Pik Marshal Zhukov
|Range/Region:||Central Asia Ranges|
|Difficulty:||Major Mountain Expedition|
|Best months for climbing:||Jun, Jul, Aug|
|Year first climbed:||early 1950's|
|First successful climber(s):||Russian/Chinese|
|Nearest major airport:||Osh|
|Convenient Center:||Daraut Kurgan|
Thanks to Jo Heersink for adding this peak.
A peak with a history: When the fresh, communist, government of China decided in 1950 that their country should enter the realms of mountaineering it was logical that they turned to their big Northern friend the Soviet Union to train their first ever batch of alpinists. Ascending Marshal Zhukov peak was part of the celebration of the Chinese having passed their exam. In order to mark the good friendship between their nations they decided to give it the lasting name "Peak Moscow-Peking" As however several years later the relations between the two nations got sour the mountain was renamed "Marshal Zhukov" after the famous 2nd world war general. Marshal Zhukov is the first peak South of peak Lenin and is connected with it by a prolonged and not to easy ridge. As the base of the mountain is difficult to reach, it is seldom visited nowadays. Best way to get there is by way of Daraut Kurgan village in Kyzyl Suu valley, south Kyrghyzstan and from here follow the Atyn Darja river up to its origin at the termination of the stupendous Fedchenko glacier, about 40 km on donkey tracks. Here turn Eastwards into the gorge of the Sauksol river and up the Bolshoi Saukdara glacier, until where the Maly Saukdara glacier flows into it from the North, about 60 km. Trek up the Maly Saukdare until its head and make base camp there. Here the difficult, (3b), climb up to 6495 meter Marshala Zhukova pass starts, highly avalanche dangerous. From the pass follow the connecting ridge between Peak Lenin and the summit in Southern direction, steep but straightforward snow- and ice climb. An alternative would be to climb onto the pass coming from the East with base camp at the head of Bolshoi Saukdara glacier, probably a little easier but even more avalanche danger.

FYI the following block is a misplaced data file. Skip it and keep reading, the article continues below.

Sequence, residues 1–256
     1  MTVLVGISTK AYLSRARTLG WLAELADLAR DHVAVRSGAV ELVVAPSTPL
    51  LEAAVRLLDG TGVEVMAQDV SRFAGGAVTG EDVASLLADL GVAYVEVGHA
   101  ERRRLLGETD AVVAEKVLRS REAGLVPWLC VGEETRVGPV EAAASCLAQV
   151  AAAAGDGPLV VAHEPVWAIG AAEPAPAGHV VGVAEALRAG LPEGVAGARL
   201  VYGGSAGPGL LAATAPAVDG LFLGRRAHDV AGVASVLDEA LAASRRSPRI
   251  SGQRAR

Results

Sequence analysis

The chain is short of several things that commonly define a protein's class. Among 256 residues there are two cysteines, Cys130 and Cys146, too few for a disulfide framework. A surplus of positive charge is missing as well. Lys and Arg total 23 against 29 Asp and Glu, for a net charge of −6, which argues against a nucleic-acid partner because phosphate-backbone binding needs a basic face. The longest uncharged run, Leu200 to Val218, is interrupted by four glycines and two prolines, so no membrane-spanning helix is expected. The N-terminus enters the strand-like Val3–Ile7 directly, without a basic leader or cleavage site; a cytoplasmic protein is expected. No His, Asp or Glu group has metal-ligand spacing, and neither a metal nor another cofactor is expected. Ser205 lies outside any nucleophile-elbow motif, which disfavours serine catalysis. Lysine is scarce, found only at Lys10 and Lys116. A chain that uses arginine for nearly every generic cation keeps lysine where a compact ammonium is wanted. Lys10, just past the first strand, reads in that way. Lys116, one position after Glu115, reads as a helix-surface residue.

Thanks to Jo Heersink for this description.